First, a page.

I’m really excited to have been asked to review the Moon Journal 2019, especially as the author, Ingvild Skodvin Prestegard, is a fellow Dru teacher and so the journal really resonates with my own teaching and the way Dru yoga incorporates positive statements and affirmations in every sequence and asana.
The book is a handy paperback size and very practical to carry around and use on a daily basis. There is plenty of space to record personal thoughts and feelings throughout the year. But, don’t expect it to replace a traditional diary. The focus is entirely on the major phases of the moon so there are only two dates given each month (the new and the full moon). The year itself is split into eight sections rather twelve, explained in the introduction as the Wheel of the Year marking the changes of daylight.
Ingvild invites you to use the space provided (partly lined and partly blank) to record your intentions and achievements at each stage. Your reflections could take the form of writing, drawings or a mixture of both depending on what works best for you. She also suggests that you look back at your previous entries so that you can reflect on your progress. Each moon stage is accompanied by a few sentences to use as the focus for meditation with a positive statement (affirmation) in blue italics at the bottom of the same page.
I really like the practical workbook style of this journal and how Ingvild supports you with bonus online material (for example, you can download a larger version of the Wheel of the Year as a meditation aid). She also has a thriving online community on Facebook where you can share your experience of the journal with others and find videos explaining the moon phases further. This makes the journal more of a starting point than just a publication in itself and it’s up to you to exploit the resources Ingvild provides to turn the journal into something special and personal by the end of next year. This is definitely not a book to leave gathering dust on a shelf.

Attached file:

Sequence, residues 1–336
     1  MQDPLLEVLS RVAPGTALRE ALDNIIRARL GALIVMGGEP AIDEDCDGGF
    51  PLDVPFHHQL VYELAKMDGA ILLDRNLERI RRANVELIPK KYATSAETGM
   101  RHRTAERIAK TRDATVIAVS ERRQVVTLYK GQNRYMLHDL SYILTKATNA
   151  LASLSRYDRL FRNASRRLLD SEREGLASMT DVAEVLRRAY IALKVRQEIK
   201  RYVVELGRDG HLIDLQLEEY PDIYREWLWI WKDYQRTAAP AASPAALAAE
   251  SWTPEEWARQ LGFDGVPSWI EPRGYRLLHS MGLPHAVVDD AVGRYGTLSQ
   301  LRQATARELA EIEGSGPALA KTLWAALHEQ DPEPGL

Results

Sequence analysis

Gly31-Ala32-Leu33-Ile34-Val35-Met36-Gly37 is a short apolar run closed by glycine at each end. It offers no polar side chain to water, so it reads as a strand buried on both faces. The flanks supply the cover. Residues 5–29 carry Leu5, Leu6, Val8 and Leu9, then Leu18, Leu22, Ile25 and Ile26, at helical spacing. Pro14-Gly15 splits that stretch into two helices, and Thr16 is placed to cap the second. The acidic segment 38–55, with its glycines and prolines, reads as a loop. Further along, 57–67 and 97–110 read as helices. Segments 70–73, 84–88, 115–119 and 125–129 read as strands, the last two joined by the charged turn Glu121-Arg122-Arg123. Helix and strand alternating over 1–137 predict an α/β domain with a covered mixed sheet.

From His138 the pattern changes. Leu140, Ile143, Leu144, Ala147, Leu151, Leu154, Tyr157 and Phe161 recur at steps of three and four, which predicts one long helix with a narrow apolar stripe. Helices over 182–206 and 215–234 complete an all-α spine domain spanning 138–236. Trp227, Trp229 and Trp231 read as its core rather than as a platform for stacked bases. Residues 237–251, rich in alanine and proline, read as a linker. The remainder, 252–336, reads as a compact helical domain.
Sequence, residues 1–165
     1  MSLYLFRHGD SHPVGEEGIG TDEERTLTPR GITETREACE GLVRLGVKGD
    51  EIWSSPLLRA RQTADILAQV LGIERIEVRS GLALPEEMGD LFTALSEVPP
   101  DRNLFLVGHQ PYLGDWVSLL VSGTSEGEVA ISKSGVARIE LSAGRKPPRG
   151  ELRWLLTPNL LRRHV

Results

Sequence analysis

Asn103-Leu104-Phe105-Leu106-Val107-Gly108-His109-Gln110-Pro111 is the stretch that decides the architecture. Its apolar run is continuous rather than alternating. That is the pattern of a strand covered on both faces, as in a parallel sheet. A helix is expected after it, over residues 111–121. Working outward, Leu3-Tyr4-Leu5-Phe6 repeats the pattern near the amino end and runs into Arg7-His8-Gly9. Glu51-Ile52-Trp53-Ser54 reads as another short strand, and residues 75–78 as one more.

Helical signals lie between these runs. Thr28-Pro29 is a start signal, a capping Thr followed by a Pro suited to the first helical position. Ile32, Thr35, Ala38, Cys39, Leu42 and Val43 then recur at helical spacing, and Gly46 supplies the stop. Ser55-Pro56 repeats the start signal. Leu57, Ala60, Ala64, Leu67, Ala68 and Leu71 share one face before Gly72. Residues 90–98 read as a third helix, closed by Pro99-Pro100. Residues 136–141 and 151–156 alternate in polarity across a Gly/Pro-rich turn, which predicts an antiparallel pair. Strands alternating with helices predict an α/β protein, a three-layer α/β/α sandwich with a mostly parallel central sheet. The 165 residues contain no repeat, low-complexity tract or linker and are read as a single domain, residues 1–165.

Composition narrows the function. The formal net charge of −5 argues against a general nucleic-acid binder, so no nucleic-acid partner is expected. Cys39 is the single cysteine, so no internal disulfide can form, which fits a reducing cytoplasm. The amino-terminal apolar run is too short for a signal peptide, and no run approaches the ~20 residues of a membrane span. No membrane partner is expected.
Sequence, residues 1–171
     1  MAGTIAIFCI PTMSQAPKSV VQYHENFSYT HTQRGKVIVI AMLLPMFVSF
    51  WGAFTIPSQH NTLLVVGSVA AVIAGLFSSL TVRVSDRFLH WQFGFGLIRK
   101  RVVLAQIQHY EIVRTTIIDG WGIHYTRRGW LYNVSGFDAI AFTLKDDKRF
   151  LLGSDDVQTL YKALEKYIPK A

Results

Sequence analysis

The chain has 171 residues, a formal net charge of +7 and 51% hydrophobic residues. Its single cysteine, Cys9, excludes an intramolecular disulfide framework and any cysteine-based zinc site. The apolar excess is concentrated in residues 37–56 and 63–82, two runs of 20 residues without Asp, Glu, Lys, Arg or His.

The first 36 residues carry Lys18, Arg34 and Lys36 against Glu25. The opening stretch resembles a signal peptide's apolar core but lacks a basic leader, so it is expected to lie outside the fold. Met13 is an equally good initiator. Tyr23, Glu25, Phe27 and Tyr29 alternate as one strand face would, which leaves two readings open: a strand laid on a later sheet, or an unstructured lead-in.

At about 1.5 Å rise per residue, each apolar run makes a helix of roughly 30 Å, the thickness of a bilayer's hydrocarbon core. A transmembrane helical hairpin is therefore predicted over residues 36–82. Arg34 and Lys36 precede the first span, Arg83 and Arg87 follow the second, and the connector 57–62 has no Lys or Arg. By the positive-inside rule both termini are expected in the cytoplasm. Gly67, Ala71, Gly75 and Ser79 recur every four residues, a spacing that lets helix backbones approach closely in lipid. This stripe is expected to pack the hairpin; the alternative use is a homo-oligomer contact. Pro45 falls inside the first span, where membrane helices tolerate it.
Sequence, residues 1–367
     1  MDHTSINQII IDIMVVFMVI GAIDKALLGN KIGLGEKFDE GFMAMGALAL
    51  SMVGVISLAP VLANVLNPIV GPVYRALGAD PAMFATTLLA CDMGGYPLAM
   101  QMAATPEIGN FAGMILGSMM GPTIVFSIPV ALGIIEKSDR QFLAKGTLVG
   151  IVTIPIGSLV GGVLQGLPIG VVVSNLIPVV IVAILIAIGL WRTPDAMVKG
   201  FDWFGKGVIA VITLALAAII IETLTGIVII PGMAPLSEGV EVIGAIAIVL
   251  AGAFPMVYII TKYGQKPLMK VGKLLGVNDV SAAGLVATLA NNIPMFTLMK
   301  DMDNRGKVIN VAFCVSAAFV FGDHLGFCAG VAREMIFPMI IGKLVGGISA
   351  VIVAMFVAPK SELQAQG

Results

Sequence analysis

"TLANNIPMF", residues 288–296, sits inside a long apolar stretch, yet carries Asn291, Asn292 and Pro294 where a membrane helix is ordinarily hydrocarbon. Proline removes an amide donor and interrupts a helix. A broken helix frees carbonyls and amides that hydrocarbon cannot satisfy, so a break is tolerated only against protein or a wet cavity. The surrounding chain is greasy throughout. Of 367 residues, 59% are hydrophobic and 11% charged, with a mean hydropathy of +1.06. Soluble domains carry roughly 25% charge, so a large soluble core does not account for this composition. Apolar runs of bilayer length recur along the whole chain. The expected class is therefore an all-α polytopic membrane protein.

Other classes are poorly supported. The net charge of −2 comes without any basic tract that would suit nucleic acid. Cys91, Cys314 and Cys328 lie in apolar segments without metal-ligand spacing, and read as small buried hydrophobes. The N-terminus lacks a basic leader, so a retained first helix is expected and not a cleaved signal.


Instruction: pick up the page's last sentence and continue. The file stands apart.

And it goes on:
I was surprised at first that only the major phases were actually printed with dates but you could always write the other days in yourself and maybe even note personal feeling and emotions – keeping daily reflections to just one or two words. The journal’s simplicity makes it easier to remain focused on the moon phases. The photographs of nature, some clearly taken in the author’s home country of Norway, are lovely and illustrate the seasons well. The meditations are short but appropriate to each season. They are a great starting point for guided meditations and I will be using them in my classes next year, but I think the “meditation” segments need to be more detailed to use alone at home.
On the whole, the Moon Journal is a brilliant resource for teachers and lay people alike. It is available on Amazon for £17.65 (http://amzn.eu/aANou62) which isn’t cheap for such a simple book but worth it when you consider the additional online support and content the author provides. I’m definitely looking forward to using the journal to follow the moon phases in my classes next year.
This review is my honest and unbiased personal opinion. I have not received compensation, monetary or otherwise, other than a complimentary copy of the journal.
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